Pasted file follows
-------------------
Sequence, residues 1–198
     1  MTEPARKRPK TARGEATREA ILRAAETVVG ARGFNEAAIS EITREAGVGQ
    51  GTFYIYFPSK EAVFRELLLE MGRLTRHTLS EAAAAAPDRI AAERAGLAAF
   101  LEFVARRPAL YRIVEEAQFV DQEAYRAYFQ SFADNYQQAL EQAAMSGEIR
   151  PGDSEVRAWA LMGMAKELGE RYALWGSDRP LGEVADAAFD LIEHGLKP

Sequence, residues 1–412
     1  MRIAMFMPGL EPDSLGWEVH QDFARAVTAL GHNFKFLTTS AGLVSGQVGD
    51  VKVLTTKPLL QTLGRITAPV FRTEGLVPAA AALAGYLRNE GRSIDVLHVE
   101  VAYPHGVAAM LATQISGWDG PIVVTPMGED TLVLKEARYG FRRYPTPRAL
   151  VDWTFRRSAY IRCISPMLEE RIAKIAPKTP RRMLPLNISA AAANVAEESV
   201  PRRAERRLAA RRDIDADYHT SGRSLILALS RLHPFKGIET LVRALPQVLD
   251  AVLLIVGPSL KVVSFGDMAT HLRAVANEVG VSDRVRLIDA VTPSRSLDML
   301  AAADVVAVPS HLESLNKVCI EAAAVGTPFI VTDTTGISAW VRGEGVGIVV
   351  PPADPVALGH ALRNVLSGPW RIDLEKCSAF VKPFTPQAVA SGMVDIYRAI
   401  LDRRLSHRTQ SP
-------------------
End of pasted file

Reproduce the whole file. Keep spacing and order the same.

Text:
Sequence, residues 1–198
     1  MTEPARKRPK TARGEATREA ILRAAETVVG ARGFNEAAIS EITREAGVGQ
    51  GTFYIYFPSK EAVFRELLLE MGRLTRHTLS EAAAAAPDRI AAERAGLAAF
   101  LEFVARRPAL YRIVEEAQFV DQEAYRAYFQ SFADNYQQAL EQAAMSGEIR
   151  PGDSEVRAWA LMGMAKELGE RYALWGSDRP LGEVADAAFD LIEHGLKP

Sequence, residues 1–412
     1  MRIAMFMPGL EPDSLGWEVH QDFARAVTAL GHNFKFLTTS AGLVSGQVGD
    51  VKVLTTKPLL QTLGRITAPV FRTEGLVPAA AALAGYLRNE GRSIDVLHVE
   101  VAYPHGVAAM LATQISGWDG PIVVTPMGED TLVLKEARYG FRRYPTPRAL
   151  VDWTFRRSAY IRCISPMLEE RIAKIAPKTP RRMLPLNISA AAANVAEESV
   201  PRRAERRLAA RRDIDADYHT SGRSLILALS RLHPFKGIET LVRALPQVLD
   251  AVLLIVGPSL KVVSFGDMAT HLRAVANEVG VSDRVRLIDA VTPSRSLDML
   301  AAADVVAVPS HLESLNKVCI EAAAVGTPFI VTDTTGISAW VRGEGVGIVV
   351  PPADPVALGH ALRNVLSGPW RIDLEKCSAF VKPFTPQAVA SGMVDIYRAI
   401  LDRRLSHRTQ SP